Posted July 17, 2020
Top photo: Gov. Henry McMaster speaking at a news conference about school closings.
Gov. Henry McMaster’s request that South Carolina schools reopen this fall in the midst of the coronavirus for daily, in-person classes is receiving a chilly reception on social media.
Since July 1, the University of South Carolina Social Media Insights Lab has been tracking conversations in the state about school reopening, reviewing 4,860 comments. From July 1 through July 14, there were mixed opinions. In comments containing sentiment, 28 percent had concerns about school reopening and 12 percent supported the idea. (More than half the posts were informational and did not contain sentiment.)
On July 15, Gov. McMaster held a news conference to announce his position, saying that parents should have a choice whether their children receive instruction in person or online. Schools, he said, should be open after Labor Day for face-to-face classes five days a week.
There was immediate opposition from teachers, school administrators and parents and those concerns were reflected on social media. An analysis of 915 comments made July 15 and 16 found significantly less support for reopening than what the lab had seen earlier in the month. Only four percent favored reopening while eight times as many comments, 31 percent, were negative.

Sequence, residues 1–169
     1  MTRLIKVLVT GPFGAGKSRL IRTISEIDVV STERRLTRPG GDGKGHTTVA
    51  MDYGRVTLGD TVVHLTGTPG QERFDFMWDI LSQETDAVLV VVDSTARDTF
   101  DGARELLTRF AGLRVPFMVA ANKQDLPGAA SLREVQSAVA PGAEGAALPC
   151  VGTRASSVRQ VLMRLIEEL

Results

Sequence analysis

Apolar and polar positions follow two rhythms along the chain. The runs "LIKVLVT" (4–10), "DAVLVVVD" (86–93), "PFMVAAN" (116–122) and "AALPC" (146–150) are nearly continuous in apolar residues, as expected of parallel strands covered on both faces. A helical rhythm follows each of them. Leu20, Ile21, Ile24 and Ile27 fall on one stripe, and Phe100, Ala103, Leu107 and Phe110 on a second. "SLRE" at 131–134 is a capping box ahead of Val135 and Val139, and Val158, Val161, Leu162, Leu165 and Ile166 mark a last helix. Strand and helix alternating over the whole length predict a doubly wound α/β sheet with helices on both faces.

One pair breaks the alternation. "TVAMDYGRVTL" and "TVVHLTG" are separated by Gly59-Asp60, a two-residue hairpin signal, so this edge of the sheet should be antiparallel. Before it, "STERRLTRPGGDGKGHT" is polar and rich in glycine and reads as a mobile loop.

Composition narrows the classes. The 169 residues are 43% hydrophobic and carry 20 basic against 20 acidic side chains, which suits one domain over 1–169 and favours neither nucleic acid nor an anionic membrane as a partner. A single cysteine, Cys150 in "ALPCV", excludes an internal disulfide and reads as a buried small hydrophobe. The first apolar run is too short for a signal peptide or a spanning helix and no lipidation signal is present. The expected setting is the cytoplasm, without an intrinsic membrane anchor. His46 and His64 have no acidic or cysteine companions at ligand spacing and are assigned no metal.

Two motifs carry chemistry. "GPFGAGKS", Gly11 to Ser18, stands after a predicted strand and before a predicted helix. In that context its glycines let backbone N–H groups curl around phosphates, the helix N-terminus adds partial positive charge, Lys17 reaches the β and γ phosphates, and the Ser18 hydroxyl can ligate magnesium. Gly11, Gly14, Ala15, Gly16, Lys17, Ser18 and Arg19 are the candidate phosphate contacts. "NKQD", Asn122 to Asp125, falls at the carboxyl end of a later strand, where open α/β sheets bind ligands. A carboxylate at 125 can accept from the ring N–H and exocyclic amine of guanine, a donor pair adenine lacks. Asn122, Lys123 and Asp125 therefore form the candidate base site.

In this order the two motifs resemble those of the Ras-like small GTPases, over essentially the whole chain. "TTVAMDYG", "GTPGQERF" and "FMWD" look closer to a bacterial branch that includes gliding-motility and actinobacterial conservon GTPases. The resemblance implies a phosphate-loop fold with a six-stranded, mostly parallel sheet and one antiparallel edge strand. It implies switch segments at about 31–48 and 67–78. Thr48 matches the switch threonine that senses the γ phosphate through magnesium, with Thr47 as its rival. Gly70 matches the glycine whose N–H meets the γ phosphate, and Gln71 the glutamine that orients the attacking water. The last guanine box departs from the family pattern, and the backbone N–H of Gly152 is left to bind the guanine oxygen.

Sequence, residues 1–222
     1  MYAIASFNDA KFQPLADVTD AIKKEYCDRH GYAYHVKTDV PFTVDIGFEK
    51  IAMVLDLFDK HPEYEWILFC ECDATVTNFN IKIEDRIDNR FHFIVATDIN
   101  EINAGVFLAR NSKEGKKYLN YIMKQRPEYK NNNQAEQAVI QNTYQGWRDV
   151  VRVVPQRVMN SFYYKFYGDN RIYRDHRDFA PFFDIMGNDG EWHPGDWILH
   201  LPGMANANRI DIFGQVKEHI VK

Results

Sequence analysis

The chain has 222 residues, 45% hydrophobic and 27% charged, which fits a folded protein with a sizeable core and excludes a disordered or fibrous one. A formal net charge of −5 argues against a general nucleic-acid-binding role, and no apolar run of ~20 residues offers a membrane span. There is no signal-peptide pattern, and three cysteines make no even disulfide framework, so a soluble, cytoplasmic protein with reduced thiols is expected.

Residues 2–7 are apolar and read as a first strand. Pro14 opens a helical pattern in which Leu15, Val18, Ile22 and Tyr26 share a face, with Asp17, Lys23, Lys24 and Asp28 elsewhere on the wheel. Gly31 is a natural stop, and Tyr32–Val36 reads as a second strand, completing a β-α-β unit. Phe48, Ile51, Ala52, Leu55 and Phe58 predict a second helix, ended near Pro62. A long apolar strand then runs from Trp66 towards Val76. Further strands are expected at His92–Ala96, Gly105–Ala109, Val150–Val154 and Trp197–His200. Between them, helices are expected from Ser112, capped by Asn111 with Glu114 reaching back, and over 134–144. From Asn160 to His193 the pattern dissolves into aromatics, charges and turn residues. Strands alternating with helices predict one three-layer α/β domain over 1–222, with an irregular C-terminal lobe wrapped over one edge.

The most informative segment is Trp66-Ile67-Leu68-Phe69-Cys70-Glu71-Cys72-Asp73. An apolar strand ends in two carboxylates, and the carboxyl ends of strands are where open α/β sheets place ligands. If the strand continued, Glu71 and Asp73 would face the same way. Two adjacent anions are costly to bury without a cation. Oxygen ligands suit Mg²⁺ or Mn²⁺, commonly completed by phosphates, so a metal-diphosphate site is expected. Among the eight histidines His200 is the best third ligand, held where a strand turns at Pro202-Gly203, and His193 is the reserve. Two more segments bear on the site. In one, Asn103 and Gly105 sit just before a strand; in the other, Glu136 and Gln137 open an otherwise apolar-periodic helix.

“Conversations changed when the governor outlined his plan,” said Jack Landess, an Insights Lab analyst. “The posts we saw showed a lot of frustration, with fear that in-person classes will endanger teachers and school personnel as well as enhance the spread of COVID-19.”
Many people said individual school districts should decide for themselves how best to resume instruction in the fall.
The lab is part of the College of Information and Communications. It is used for teaching,
academic research and public reports intended to help people better understand issues
of the day. How is sentiment calculated?
About the Social Media Insights Lab
The lab uses software developed by Crimson Hexagon, now known as BrandWatch following a merger. The software gauges the emotional tone of conversations using auto-sentiment artificial intelligence technology. This feature is useful for identifying patterns within large sets of social media data, but it should be noted that auto-sentiment has its limits. For example, it does not always recognize sarcasm, nor does it account for posts which may express more than one emotion.
The lab is part of the College of Information and Communications. It is used for teaching, academic research and public reports intended to help people better understand issues of the day.
How is sentiment calculated?